Archives par mot-clé : africa

Smartphones are changing lives in Africa

The recent pace of economic growth in sub-Saharan Africa has undeniably been of enormous benefit to the continent

Countries such as Angola, Ghana, Mozambique, and Nigeria have profited from high levels of foreign investment and commodity exports, enabling them to invest in much-needed infrastructure. While this has certainly led to societal transformations, it has also exacerbated the gap between new technologies and old, often defective systems.

Much of sub-Saharan Africa continues to be plagued by poor access to electricity, sporadic Internet coverage, and weak governance—none of which is promising for the development of the latest technologies. These obstacles, while challenging, have nevertheless provided fertile ground for innovations using an already widespread technology: the mobile phone.


One of the most important advances in mobile technology has been the rapid growth of mobile banking. Africa has been and continues to be one of the most un-banked populations in the world. Millions of Africans are paid in cash, have no access to social security or financial services, and don’t pay taxes. Mobile banking works to alleviate this problem by offering individual users a convenient way to make payments at retailers with only a basic mobile phone that uses near field communications (NFC), meaning that no Internet connection is necessary. Likewise, in Kenya, Safaricom pioneered mobile money transfers, enabling individuals to easily transfer money to a friend or relative via SMS. The service, called M-Pesa, has reached millions of people who previously had no access to financial services. Such services, while basic, help to improve security, offer a more flexible way to manage funds, and allow individuals to manage their income in a structured way.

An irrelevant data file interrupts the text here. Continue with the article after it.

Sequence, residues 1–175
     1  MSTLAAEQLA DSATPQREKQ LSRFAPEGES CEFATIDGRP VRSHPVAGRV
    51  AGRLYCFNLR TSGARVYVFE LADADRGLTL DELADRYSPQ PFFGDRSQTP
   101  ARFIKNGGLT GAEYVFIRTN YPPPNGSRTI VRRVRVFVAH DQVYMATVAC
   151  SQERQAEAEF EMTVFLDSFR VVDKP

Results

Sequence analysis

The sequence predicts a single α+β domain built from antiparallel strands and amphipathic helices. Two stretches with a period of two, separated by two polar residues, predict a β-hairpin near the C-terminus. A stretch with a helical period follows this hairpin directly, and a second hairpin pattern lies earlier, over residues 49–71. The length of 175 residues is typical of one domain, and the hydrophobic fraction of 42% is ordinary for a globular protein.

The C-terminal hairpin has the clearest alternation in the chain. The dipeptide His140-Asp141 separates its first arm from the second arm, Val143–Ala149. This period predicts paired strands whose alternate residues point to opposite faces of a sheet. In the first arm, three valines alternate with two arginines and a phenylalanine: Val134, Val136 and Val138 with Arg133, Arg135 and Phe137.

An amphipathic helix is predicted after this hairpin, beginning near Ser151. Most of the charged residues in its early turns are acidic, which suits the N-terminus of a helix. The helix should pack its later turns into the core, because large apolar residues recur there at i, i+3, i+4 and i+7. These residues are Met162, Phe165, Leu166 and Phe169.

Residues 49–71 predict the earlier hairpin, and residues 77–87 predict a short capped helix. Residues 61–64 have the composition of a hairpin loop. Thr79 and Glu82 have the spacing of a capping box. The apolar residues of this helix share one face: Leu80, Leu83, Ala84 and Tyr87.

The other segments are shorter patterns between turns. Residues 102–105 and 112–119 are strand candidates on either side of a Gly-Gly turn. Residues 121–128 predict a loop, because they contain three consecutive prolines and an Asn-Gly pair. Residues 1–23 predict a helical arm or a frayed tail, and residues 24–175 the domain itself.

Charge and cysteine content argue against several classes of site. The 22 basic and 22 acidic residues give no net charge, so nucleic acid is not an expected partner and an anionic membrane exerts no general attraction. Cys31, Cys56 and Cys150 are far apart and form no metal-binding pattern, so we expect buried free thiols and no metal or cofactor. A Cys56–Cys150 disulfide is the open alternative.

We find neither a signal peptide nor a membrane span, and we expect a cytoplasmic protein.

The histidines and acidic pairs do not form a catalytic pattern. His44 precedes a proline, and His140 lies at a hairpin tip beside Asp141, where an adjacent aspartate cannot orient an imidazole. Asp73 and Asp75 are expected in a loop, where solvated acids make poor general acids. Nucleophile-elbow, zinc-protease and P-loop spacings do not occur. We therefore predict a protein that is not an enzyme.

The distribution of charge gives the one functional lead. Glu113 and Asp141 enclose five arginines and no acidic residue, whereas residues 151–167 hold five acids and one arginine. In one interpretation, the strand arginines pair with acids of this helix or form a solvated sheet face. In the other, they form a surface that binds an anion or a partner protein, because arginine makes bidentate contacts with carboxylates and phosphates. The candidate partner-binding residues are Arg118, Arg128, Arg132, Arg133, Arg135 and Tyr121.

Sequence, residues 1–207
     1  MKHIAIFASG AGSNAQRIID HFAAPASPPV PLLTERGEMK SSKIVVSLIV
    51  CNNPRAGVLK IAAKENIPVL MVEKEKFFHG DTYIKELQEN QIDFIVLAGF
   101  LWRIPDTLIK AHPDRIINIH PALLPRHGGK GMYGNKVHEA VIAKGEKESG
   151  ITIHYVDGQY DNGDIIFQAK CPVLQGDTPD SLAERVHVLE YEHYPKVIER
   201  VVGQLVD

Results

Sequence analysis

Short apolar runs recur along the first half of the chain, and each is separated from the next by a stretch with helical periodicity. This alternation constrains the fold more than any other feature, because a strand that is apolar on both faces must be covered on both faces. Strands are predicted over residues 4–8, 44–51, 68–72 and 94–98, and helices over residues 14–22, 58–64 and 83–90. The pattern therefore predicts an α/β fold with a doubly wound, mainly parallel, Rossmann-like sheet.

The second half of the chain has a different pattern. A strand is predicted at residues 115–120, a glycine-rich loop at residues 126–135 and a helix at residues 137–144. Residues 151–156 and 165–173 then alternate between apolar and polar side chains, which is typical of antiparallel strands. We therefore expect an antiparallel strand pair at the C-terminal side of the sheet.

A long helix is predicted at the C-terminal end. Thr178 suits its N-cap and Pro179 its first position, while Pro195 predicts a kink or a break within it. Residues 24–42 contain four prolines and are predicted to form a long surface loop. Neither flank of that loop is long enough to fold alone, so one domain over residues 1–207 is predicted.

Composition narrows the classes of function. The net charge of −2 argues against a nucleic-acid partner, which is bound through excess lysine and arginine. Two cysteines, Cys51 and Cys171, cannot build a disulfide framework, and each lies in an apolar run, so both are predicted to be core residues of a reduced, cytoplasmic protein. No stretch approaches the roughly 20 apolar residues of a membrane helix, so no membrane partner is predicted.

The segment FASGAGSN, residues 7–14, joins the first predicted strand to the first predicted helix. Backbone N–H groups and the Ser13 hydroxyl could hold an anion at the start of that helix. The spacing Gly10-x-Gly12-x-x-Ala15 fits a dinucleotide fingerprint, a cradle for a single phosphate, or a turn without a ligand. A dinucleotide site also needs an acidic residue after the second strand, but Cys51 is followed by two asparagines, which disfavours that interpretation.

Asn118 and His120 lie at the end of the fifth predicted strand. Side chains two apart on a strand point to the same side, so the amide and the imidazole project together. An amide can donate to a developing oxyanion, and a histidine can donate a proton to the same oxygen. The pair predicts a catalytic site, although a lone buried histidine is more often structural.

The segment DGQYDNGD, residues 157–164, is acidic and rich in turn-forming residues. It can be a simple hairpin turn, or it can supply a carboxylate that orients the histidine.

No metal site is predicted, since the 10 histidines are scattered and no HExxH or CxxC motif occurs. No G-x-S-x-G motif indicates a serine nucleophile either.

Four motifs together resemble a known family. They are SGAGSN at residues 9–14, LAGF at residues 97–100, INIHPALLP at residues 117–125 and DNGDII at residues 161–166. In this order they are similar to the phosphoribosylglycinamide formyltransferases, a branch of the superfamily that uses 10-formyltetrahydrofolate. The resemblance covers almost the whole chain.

Mobile payments also enable consumers to make long-distance purchases, thereby opening retailers up to a diverse body of consumers, irrespective of geography. Since payment is made through a mobile phone, the transactional cost to the retailer is much lower than debit or credit card processing fees. Banks across the continent are also opening their doors to new customers. For instance, in Angola, Banco Angolana de Investimentos (BAI) launched the e-Kwanza, a phone application through which new customers can register and set up their accounts for free.

SMS is also becoming an increasingly invaluable tool in the provision of health care services for those living outside of major urban areas. In Kenya, health care professionals are able to stay in touch with individuals living with HIV through the Weltel Project, while in Nigeria, SMS is being used to track the distribution of mosquito nets.

Mobile technology is also creating business opportunities for entrepreneurs working to develop new health care solutions. Health insurance is one such industry sector. One of the world’s largest “micro-insurance” companies, MicroEnsure, has built a business through the provision of mobile-based health insurance in collaboration with mobile network providers. The company has offices in Ghana, Kenya, Mozambique, Rwanda, and Tanzania, and provides insurance services to some of the poorest people on the continent—even those living on less than $4 a day. To date, the company has around 4 million customers.